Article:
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I have decided to write a blog series about introverts, introversion, and help for those in introvert/extrovert relationships. I’ve touched on the issue many times, but my post “Honest Confessions of an Introverted Wife” – published nearly three years ago – continues to receive a high amount of daily traffic and frequent comments. This fact somewhat makes me cringe. It definitely was not my best piece of writing. It was meant to be a vent more than a how-to. I used a lot of hyperbole, over-exaggeration, drama, and don’t feel I painted a 100% accurate picture of my introvert-extrovert marriage. The writing I’ve done since then and the writing I have planned is my attempt to both clarify and explain as well as share helpful information with my readers.
As both a disclaimer and a caveat, I feel it necessary to share a little background with those who may be visiting this site for the first time. Those who have been long-time followers may not need this.
I’ve struggled with the best way to share this information tactfully and respectfully, yet honestly and transparently. The short version being that my family is kind of a hot mess. While we’ve done a lot to improve our hot-mess-ness over the last few years, there are some aspects of our highly complex family dynamic that I am beginning to realize may not ever be “fixed.” (This is a whole other blog post, which I will get to eventually.)
My husband is a combat veteran with a severe generalized anxiety disorder. He was away from our family for two years while serving overseas in Afghanistan. It’s also possible that he may have some undiagnosed preexisting mental health challenges that may reach back as far as his childhood. We are still trying to unravel all of this. The military gave him the structure he needed to cope with them, but then what he faced in the Army (both due to combat environment as well as abuse within the chain of command) left him considerably more “broken” than he was when he went in.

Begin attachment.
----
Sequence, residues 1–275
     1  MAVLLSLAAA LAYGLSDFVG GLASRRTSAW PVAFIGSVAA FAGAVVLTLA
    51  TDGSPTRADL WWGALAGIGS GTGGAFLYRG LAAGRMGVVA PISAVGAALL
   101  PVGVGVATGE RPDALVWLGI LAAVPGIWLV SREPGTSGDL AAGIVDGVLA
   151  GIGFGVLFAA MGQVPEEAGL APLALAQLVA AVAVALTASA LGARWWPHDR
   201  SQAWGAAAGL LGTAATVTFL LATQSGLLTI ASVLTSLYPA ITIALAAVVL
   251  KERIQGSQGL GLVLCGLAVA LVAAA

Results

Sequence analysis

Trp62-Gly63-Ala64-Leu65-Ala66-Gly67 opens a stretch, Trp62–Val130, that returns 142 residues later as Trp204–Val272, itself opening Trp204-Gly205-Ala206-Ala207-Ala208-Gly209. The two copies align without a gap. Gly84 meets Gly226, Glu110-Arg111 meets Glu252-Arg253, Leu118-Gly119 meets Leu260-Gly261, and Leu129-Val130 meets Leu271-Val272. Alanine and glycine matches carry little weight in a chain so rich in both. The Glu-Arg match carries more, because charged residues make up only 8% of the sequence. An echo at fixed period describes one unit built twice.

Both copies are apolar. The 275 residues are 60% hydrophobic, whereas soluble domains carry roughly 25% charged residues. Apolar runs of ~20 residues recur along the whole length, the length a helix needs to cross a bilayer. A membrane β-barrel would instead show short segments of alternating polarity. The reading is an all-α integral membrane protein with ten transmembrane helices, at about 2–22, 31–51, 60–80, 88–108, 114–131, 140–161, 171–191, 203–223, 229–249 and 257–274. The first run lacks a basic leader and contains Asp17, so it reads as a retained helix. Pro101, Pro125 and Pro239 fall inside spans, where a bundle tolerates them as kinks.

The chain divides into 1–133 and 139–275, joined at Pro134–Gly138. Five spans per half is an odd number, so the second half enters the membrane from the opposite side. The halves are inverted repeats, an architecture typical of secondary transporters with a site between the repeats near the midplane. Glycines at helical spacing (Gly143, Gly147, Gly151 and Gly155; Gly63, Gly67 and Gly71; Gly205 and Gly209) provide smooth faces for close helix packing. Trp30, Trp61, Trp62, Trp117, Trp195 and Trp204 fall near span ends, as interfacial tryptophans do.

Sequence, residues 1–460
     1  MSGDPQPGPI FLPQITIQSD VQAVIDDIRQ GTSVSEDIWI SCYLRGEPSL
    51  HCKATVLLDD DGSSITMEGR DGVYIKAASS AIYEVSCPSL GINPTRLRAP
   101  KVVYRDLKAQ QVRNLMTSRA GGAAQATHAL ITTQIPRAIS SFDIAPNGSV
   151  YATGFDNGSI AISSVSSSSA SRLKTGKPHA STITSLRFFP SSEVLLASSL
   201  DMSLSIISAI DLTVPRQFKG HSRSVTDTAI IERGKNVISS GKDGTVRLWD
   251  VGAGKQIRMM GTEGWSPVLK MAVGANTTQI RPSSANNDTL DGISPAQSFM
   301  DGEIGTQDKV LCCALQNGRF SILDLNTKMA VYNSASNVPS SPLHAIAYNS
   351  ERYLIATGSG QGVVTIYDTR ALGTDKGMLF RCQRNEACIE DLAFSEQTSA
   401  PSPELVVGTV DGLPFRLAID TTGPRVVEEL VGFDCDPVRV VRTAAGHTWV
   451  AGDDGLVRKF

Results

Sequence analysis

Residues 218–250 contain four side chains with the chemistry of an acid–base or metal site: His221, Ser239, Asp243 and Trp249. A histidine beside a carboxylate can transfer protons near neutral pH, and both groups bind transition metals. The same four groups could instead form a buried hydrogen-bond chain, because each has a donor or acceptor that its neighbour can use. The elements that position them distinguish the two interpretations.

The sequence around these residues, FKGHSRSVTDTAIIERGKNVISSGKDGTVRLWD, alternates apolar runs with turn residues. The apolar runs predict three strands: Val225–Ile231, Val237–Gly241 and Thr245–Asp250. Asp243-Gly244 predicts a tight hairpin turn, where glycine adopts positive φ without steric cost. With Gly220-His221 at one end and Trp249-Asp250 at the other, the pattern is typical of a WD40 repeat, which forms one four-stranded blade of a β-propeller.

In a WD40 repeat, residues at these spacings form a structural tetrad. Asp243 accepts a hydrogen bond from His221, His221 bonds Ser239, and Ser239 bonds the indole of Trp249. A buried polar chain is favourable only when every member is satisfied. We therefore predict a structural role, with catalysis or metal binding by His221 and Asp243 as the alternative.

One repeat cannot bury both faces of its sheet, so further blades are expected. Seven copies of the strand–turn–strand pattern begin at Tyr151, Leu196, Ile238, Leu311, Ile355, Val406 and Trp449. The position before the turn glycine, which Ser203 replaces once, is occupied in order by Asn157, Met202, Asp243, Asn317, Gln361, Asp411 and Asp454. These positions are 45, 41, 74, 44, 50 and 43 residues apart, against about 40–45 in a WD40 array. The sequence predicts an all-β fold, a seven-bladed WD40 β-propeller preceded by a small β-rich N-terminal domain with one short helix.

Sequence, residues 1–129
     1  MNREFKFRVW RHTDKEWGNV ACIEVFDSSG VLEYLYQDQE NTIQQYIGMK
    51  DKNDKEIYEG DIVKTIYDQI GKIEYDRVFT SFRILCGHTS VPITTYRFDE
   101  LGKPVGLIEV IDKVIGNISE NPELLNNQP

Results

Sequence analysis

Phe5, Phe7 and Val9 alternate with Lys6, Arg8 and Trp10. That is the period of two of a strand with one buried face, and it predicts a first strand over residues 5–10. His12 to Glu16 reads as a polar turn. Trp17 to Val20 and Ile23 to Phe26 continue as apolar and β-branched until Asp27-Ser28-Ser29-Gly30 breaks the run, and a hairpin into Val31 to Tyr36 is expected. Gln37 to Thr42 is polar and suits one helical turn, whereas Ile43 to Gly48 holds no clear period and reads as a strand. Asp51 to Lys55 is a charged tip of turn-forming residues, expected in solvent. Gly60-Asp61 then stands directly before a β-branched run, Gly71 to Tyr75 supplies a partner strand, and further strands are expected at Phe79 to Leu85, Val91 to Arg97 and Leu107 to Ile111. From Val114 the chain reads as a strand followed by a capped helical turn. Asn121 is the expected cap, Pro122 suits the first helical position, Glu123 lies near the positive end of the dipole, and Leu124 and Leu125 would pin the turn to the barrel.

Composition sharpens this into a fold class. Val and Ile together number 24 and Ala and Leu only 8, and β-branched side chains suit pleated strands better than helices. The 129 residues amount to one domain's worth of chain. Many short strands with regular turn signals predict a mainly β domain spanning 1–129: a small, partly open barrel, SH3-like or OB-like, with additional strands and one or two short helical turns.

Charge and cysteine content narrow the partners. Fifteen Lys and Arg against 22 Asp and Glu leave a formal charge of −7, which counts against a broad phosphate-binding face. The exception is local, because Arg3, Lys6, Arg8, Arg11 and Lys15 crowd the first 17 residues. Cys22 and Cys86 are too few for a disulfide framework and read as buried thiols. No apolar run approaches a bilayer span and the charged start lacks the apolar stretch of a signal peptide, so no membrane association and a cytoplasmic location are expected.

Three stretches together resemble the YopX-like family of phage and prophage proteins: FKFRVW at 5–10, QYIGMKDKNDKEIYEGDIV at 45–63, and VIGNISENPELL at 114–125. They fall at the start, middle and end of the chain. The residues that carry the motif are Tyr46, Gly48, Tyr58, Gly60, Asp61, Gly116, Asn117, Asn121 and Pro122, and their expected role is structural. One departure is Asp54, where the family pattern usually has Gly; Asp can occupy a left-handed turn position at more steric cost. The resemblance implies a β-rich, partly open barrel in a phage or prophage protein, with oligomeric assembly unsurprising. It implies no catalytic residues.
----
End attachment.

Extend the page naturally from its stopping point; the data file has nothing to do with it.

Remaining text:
Our older son – who is now nearly 8 – is both highly extroverted and has his own set of diagnoses: ADHD, Oppositional Defiant Disorder, sensory processing problems, and possibly autism. His needs are a DAILY challenge that falls hard on our shoulders and strains both our individual mental health and our marriage. He drains us both (in highly different ways) and we need “filled up” in highly different ways.
My husband and I are polar opposites: in our personalities, in our introversion/extroversion scale, in our communication styles, in our love languages, and in our needs.
So while there are many positive comments on my original introvert/extrovert vent, there are also many comments of concerns about our mental and emotional health. While these concerns may have their merit and validity, it’s not something of which we are completely unaware. At least one member of our family has been in some sort of therapy or counseling from 2009 on. Between the four of us, we’ve seen a plethora of therapists, counselors, social workers, psychologists, and more who have all poured into us in one way or another.
We’ve come a long way. We still have a long way to go. Or maybe we don’t. Maybe our little bit of crazy is here to stay and we just have to accept it. I’m not entirely sure.
Which is why we have a decal like this in our dining room:
What I have learned (the hard way) is that it’s not my responsibility to fix it all. Regardless of the needs, the diagnoses, the things that could or might help, the things we should try, and on and on – sometimes we also just need to be a family. I’ve learned to have my boundaries: to control what I can and let go of what I can’t. I’ve learned that I have to set down the burdens and play the cards we’ve been dealt.
In the midst of all of that, I have to take care of myself and do what I can with what I have. That’s what this series of posts will be about. This page will serve as a landing page for all the content for this series.
While I hope this series will be helpful for introverts in any life stage, I’m coming to this as a wife, mom, and special needs parent who also struggles with chronic fatigue. So it may be helpful for tired moms as well as introverts!
Thanks for reading,
Life Hacks for Introverts: Survival Skills for When You Just Need a Break
Previously written content:
#whitespace: one word for 2014: my year-long journey into self-care, margin, doing less, decluttering, underachieving, and resting
Life hacks for introverts: how to structure your day, week, and year
The impacts of the introvert/extrovert gap on physical intimacy
More life hacks for introverts
…and possibly more…